Phil and J.P. crank out some nasty riffage that is bludgeoning and even catchy in places (see the last minute of "Vision of Malice"), Jason's vocals are deep and basically pissed off sounding and does utilize some higher screams but his bass is low in the mix, though his lines at the beginning of "Seven" does a great job of leading into the riff that follows. Derik shows that he did indeed have some variation in his playing before going the nonstop blastbeat bit in Hate Eternal, but he does tend to favor blasts over slower beats here. Still his work here is pretty impressive.

Songwise, ICB is not too varied with nearly all the songs fitting into the categories "faster" and "much faster". The only really slow crushing number is the title track, which is also the longest song here and has a nice solo a little more than halfway through. Most of the other tracks here are warp speed or a tad slower. Opener "Nocturnal Overload" opens with a scream and a blast before Jason starts spewing words about soldiers going off to war. "Compulsive" features some good drumwork and a nice solo. I'm not sure who does which solos on In Cold Blood, as they're not credited in the liner notes, but they shred just the same. "Vision of Malice" as mentioned before, has some really catchy riffs and some pounding double bass work while "Preyed Upon" is probably the best song on offer here and the most varied, featuring a couple solos, blistering drumwork and some violent lyrics ("Bare hands that broke your neck...and smashed your FUCKING SKULL!!!!"). Finally, "Seizure" ends the disc and is the fastest song here, the riffs are dizzying in nature and the drums somehow keeping up.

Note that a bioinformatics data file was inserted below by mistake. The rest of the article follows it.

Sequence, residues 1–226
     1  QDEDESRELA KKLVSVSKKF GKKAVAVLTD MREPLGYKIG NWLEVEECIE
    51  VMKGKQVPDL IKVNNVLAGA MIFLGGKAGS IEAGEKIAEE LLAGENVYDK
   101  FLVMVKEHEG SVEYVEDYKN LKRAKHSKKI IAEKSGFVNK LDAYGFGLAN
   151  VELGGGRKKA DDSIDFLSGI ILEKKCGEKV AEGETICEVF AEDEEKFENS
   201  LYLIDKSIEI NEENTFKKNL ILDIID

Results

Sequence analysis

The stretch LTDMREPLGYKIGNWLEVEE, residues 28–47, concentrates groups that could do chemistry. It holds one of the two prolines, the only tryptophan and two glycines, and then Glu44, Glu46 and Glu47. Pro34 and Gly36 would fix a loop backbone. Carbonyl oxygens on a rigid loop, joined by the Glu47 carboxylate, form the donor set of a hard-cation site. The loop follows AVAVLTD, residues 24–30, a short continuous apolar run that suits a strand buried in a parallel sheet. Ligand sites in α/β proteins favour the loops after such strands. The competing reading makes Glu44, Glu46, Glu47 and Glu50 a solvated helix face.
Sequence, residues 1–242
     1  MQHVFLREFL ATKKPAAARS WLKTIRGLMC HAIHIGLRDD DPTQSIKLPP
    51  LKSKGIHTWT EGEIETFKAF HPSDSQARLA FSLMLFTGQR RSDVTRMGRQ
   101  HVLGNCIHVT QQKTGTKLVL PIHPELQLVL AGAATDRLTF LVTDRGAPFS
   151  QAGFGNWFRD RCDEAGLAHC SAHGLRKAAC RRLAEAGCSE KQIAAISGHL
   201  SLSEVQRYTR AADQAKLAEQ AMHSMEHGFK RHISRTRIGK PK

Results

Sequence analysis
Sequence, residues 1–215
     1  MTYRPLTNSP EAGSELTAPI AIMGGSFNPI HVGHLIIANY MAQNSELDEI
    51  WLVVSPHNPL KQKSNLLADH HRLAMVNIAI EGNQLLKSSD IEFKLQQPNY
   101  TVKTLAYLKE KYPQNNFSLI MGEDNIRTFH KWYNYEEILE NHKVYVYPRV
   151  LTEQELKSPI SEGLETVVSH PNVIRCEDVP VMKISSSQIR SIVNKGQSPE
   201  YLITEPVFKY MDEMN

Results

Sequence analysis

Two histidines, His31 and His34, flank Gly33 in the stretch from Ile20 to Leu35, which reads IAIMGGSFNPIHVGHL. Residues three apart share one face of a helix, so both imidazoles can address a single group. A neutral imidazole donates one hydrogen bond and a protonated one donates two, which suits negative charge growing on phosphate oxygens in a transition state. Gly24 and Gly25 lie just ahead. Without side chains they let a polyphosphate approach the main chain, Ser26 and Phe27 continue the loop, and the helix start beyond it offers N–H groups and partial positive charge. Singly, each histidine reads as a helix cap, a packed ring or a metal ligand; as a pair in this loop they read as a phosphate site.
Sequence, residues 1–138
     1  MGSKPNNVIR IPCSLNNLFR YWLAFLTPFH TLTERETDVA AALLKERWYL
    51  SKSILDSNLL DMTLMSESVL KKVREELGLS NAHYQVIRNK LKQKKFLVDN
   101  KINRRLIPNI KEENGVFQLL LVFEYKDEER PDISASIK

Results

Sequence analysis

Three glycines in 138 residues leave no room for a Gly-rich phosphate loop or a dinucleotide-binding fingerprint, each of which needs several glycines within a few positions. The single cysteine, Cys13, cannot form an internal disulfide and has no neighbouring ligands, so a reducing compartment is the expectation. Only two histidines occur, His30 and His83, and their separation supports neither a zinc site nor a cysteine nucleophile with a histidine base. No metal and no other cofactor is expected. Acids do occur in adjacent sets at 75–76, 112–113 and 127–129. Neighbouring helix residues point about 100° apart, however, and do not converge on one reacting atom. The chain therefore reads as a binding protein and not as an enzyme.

With thirteen tracks on ICB, it can be alot to take in, especially as there is no acoustics to give you a break from the brutality. As a whole, ICB clocks in at 42 minutes and change, which is perfect in my humble opinion for this type of violence. Those of you that lean more towards pre-2000 death metal should get this, as your metal boner should be sated.

It's truly brutal but again something is missing - 86%

CHRISTI_NS_ANITY8, October 27th, 2008

Once again Malevolent Creation changed line-up for another effort. Fasciana still remains the leader in this band while we can find for the second time Jason Blachowicz at the vocals. By the way, the real deal is the newcomer behind the drums, Derek Roddy. Yes, that Derek Roddy who played in several death bands and that now we find here too. He does an excellent work on this new album even if Culross wasn’t an easy drummer to replace in terms of technique and speed, but we all know the goodness of the newcomer. He’s brutal and relentless like few others and his style is perfect for an album like In Cold Blood, where everything seems even faster.

Thirteen tracks for 40 minutes of music should be representative of the power and speed by this band. Many of the new tracks are bone and skin in the structures and this is symptomatic of an acquired violence. “Nocturnal Overload” and “Prophecy” display clearly what we are facing: brutal death metal with suffocated, extreme vocals. The drumming is various, technical and precise. What I really like here is the way Derek does the long rolls on the drums and the way he plays the bass one. The guitars lines are corrosive, low-tunes and nasty, while the prevalent technique is for the tremolo picking that is perfect for its burden of heaviness and darkness.

The production is a bit different from the previous Eternal album and everything sounds sharper. We can say that is a way between Eternal and the old albums. The vocals are preponderant here and they are really powerful in volumes, but the drums sound is always well audible as well as the guitars lines. The gun shots effects at the beginning of “Compulsive” are stuck in the guitars riffs and the up tempo parts are now the main style, with lots of fast bass drum restarts. I think that the only tracks that differ a bit here are the title track and “Preyed Upon”; the rest is on sheer fast brutality and features great drumming by Derek, in constant switch between the up tempo and the blast beats.